Addiction has touched thousands of families, and it seems like it’s going to get worse before it gets better. Addiction is not limited by demographics or geographical location. It can affect anyone anywhere. Fortunately, there are drug and alcohol addiction treatment centers all over the United States that are committed to helping people who are struggling to overcome a substance use disorder (SUD).

However, sometimes the lines between “one too many” and addiction can be difficult to discern.

Especially in the early stages, it can be difficult to tell if addiction treatment is really necessary for you or a loved one.

However, catching an SUD early often leads to more favorable outcomes. Plus, the less time you spend in active addiction, the less likely you are to experience severe consequences like infectious diseases, legal issues, and health concerns. If you or someone you know is using prescription drugs, alcohol, or illicit drugs excessively, it’s worth knowing the signs of addiction.

Addiction treatment that employs evidence-based therapies is the safest and most effective way for someone with a substance use disorder to achieve long-term sobriety and recovery. Learn more about the signs and symptoms that might reveal a need for addiction treatment services.


Substance use disorders are officially defined by the Diagnostic and Statistical Manual of Mental Disorders (DSM-5), which is the handbook that helps doctors and psychiatric professionals identify and diagnose mental health issues.

Before 2013, drug abuse and substance dependence were in two separate categories. From a biological standpoint, this separation makes sense. Dependence is a term that describes a chemical imbalance in the brain whereas abuse doesn’t necessarily point to anything biological.

However, in the fifth edition of the DSM, abuse and dependency were combined into substance abuse disorders (SUD).The disorder can be broken up into specific categories like opioid use disorder or alcohol use disorder. SUDs can be mild, moderate, or severe, depending on a set of criteria.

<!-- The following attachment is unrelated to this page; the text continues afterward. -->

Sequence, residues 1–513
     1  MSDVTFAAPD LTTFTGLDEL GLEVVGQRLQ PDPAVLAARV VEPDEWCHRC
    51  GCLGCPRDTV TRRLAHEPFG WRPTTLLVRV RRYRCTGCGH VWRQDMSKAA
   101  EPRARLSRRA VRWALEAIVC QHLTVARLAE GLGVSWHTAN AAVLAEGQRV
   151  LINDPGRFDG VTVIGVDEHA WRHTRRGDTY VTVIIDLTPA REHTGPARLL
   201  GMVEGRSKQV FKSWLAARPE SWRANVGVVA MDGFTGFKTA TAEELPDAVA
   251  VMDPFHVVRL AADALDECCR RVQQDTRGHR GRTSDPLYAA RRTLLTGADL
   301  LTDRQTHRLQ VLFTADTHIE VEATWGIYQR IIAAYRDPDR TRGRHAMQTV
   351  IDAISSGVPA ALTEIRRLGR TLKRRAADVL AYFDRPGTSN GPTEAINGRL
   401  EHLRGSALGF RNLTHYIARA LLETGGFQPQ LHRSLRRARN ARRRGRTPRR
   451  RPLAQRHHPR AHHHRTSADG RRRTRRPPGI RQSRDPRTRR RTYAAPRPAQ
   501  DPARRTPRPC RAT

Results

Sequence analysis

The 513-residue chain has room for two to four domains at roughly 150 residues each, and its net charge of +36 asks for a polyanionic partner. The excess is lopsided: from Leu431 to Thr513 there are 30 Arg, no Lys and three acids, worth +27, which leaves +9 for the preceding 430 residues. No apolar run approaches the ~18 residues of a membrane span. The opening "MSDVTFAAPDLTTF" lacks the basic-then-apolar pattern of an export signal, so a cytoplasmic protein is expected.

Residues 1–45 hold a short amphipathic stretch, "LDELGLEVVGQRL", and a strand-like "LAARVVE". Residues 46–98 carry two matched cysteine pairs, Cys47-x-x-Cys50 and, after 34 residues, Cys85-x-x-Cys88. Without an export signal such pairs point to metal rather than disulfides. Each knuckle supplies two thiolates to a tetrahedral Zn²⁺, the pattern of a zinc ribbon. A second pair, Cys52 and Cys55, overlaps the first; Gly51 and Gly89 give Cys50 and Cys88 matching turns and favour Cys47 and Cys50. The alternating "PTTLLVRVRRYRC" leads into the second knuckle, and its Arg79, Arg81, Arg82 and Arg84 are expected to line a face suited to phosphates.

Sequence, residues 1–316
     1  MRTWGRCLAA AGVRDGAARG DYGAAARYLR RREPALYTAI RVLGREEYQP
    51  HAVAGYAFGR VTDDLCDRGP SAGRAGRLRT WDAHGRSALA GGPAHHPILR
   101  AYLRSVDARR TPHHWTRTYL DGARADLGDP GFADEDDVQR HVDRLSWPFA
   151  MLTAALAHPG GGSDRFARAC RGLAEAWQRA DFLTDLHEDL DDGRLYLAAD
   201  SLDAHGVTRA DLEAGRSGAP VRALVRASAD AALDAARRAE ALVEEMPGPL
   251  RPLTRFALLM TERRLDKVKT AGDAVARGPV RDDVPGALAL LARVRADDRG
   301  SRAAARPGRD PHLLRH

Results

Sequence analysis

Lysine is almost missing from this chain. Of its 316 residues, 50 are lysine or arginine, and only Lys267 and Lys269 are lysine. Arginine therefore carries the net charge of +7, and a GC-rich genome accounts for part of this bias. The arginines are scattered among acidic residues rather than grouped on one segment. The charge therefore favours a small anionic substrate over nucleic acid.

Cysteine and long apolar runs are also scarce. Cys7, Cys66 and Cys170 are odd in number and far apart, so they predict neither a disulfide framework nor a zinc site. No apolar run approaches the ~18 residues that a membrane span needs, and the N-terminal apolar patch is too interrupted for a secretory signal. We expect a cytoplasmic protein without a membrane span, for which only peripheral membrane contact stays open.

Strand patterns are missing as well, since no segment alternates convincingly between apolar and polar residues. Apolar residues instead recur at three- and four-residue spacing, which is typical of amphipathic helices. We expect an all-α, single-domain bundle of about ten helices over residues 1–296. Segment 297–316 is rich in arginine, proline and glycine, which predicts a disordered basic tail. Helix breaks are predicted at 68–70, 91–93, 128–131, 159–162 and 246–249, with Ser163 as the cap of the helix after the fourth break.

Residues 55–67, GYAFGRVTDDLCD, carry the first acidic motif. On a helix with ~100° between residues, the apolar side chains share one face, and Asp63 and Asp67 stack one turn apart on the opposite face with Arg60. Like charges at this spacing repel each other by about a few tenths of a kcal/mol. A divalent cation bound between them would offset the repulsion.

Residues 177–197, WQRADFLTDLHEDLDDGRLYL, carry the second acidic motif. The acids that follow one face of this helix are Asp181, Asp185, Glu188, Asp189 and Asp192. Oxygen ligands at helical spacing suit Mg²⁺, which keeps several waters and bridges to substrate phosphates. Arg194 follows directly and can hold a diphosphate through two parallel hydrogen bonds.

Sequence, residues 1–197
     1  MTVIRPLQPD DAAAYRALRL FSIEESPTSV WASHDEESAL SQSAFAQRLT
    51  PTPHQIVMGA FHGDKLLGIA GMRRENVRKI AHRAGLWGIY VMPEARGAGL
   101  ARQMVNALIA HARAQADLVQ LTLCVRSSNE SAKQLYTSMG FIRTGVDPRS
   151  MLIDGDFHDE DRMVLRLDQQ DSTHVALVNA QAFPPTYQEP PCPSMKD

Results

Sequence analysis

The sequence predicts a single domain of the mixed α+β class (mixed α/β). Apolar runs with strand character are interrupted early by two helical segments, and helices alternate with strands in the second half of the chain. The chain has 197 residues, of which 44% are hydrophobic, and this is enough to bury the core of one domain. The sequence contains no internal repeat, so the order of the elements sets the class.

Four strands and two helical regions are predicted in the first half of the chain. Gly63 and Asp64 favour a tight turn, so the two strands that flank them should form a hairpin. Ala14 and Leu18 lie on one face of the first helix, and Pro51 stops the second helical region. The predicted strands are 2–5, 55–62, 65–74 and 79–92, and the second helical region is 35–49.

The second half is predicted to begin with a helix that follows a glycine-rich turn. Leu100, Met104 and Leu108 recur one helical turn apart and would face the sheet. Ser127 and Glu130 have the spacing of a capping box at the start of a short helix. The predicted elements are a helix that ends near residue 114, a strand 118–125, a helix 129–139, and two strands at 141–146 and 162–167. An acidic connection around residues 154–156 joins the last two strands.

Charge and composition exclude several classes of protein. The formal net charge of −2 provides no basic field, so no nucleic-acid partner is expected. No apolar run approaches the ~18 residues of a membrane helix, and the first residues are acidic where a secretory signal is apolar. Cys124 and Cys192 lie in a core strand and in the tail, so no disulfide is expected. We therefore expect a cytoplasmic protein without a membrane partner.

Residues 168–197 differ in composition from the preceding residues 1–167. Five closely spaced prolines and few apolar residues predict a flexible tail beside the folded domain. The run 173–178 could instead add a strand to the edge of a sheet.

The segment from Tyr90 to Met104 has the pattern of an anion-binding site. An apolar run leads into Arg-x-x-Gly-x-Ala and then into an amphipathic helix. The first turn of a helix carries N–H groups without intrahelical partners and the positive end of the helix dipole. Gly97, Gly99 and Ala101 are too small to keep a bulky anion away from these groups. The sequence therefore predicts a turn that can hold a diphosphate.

If you use alcohol excessively, to the point of binge drinking or if you use medication or an illicit drug recreationally, it can be considered substance abuse. You may also be abusing a substance if you use them to self-medicate outside of a doctor’s recommendation. Abuse without dependence may be considered a mild SUD, but it still should be addressed as soon as possible.


If you have been using a chemical substance like alcohol, prescriptions, or illicit drugs, there are a number of signs that may be able to tell you that you need addiction treatment. The first sign that a drug is starting to cause changes in your brain and body is tolerance. It’s often a point of pride in social drinking to be able to handle more alcohol than other people.

However, it means that your central nervous system is starting to become used to the foreign substance in your system. As tolerance builds, your brain is producing chemicals to counteract the effects of the drug to balance brain chemistry.

Some drugs will cause tolerance to quickly grow into dependence, which is the next sign that you might be developing a substance use disorder. According to the National Institute on Drug Abuse (NIDA), “dependence develops when the neurons adapt to the repeated drug exposure and only function normally in the presence of the drug.”

That means your body grows to rely on the drug to maintain normalcy. You will notice an emerging dependence if you miss a dose or try to stop using. When your body stops receiving as much of the drug as it used to, your nervous system will become unbalanced, causing painful or uncomfortable withdrawal symptoms.

Withdrawal symptoms can be mild, but if you stop abruptly, they can become more severe. However, the severity of withdrawal symptoms will depend on the type of drug you were taking, the dosage that you were used to, and the length of time you were taking the drug. They also will be affected by whether you were using the drug with other substances at the same time.The next sign that you may need addiction recovery is when a chemical dependence leads to a deeper addiction. Though they are often used interchangeably, addiction and dependence have some distinctions. Addiction is defined by the continued, compulsive use of a drug despite serious consequences as a result of drug use. This could refer to failing health, problems in your relationships, or job loss. If you are compelled to use a substance even when you know it will do more harm than good, you may be closer to the severe end of the substance use disorder spectrum.